Comets also have two tails. The first tail is an ion tail. The ion tail is blue because it consists of ionized CO+ and it scatters blue light. The second tail is the dust tail. The dust tail is green and consists of the dust that is pushed off of the comet and reflects radiation from other sources. The tails of a comet can reach 160 million kilometer long. 

The average comet has a mass of 10^14 kg, a diameter of 20 km, a density of 0.6 g/cm^3, and an albedo of .05.

Comets are mostly located in the Oort cloud, except for the occasional comets that streaks through the inner solar system. The Oort cloud holds millions and millions of comets and the Oort cloud is found much farther out than the orbit of Pluto. It is generally believed that we got our water when comets collided with the Earth.

Thursday, November 22, 2012


Asteroids are marvelous celestial objects, not only because they played a huge role in water formation on Earth through various collisions with Earth's surface, but because they are so complex. Asteroids are irregularly shaped, rocky objects that usually are considered small objects or minor planets. They are rocky fragments that were left over from 4.6 billion years ago when the solar system formed.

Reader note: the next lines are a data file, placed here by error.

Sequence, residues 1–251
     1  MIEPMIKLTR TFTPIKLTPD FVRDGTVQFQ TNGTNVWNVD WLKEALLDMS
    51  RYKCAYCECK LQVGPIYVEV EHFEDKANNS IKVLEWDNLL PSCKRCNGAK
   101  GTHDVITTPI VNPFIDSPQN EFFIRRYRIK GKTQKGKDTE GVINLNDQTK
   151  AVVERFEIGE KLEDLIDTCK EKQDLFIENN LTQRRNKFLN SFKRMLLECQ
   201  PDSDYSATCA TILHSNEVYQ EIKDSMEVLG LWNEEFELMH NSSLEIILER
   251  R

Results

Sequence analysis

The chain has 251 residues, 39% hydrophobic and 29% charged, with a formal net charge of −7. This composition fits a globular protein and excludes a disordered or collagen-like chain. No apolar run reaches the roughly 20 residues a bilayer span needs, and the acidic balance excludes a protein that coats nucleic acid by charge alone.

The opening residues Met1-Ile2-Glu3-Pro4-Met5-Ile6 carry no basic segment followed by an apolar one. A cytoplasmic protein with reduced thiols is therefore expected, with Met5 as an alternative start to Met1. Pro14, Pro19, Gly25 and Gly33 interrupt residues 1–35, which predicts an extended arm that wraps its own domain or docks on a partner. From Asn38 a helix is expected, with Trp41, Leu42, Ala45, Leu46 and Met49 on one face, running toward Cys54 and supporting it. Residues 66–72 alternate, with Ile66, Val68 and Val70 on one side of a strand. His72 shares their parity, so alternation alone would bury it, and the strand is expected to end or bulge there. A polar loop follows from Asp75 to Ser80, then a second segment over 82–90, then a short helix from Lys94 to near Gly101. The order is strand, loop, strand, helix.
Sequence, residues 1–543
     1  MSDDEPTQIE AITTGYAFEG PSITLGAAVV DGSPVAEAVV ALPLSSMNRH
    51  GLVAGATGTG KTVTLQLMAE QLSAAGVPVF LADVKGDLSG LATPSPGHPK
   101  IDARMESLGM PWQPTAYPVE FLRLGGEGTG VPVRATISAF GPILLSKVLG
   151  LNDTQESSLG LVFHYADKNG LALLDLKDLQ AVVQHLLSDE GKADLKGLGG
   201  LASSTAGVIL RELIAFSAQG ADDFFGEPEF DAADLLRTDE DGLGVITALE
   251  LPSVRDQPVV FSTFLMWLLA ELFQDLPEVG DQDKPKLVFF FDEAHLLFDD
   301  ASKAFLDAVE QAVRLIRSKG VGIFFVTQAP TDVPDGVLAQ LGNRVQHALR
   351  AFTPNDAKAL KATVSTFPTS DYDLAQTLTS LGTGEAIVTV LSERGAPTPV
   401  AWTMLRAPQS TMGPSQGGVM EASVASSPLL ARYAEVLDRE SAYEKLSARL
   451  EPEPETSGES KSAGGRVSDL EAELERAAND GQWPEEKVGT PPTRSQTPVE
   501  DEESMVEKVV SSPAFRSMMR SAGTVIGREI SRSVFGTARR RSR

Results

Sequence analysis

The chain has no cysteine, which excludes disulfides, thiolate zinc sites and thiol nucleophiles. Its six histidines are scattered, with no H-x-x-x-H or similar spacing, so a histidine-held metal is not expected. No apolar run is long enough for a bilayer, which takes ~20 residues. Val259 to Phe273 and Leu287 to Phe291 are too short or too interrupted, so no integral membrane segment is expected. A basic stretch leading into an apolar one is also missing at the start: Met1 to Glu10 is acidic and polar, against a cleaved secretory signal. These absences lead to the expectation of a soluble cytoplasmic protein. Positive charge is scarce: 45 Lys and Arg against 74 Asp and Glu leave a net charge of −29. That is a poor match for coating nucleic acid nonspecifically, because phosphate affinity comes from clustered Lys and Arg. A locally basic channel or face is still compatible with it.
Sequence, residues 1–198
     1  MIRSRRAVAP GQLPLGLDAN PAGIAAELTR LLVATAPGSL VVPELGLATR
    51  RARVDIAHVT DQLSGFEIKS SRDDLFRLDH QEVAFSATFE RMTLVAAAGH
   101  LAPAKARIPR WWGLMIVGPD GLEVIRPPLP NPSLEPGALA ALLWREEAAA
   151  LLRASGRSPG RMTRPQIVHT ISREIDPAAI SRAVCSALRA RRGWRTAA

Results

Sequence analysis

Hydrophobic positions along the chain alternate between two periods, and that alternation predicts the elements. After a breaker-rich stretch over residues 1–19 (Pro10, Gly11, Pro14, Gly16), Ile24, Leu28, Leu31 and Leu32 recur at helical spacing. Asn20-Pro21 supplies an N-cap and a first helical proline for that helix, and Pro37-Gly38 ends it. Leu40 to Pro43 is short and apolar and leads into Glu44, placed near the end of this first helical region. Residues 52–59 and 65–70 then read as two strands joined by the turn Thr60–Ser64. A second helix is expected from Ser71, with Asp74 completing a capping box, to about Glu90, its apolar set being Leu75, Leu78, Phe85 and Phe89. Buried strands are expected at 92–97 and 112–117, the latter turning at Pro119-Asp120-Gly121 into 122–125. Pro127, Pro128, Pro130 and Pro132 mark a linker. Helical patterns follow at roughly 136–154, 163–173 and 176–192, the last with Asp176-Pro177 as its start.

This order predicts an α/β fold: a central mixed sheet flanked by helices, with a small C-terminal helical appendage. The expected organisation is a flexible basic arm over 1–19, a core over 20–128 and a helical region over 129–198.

The average asteroid is very complex because it has a diameter of 20 km, a density of 0.3 g/cm^3, and an albedo of less than .05. They also have an average surface temperature of 100 degrees Fahrenheit. 

 Asteroids are also very interesting because they fall into three different categories based on their compositions; C-type (carbonaceous) asteroids, S-type (sillicaceous) asteroids, and M-type (metallic) asteroids. C-type asteroids are greyish and are the most common asteroids. They make up 75 percent of all known asteroids in the solar system. S-type asteroids are reddish and greenish in color and they make up 17 percent of all known asteroids. M-type asteroids are red in color, consist of mostly nickle, and are located mostly in the middle of the asteroid belt.